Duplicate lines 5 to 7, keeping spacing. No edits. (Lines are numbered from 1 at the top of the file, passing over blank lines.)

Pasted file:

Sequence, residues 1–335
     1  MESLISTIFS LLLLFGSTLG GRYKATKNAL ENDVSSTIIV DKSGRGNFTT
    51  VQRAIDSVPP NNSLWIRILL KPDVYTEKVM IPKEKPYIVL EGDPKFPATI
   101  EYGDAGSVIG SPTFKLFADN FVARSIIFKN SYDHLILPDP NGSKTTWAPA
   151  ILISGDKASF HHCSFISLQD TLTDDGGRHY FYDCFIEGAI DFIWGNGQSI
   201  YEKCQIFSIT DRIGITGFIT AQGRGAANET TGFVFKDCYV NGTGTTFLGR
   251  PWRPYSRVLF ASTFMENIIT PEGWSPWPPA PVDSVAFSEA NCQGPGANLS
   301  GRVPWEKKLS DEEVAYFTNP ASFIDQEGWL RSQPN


   151  ILISGDKASF HHCSFISLQD TLTDDGGRHY FYDCFIEGAI DFIWGNGQSI
   201  YEKCQIFSIT DRIGITGFIT AQGRGAANET TGFVFKDCYV NGTGTTFLGR
   251  PWRPYSRVLF ASTFMENIIT PEGWSPWPPA PVDSVAFSEA NCQGPGANLS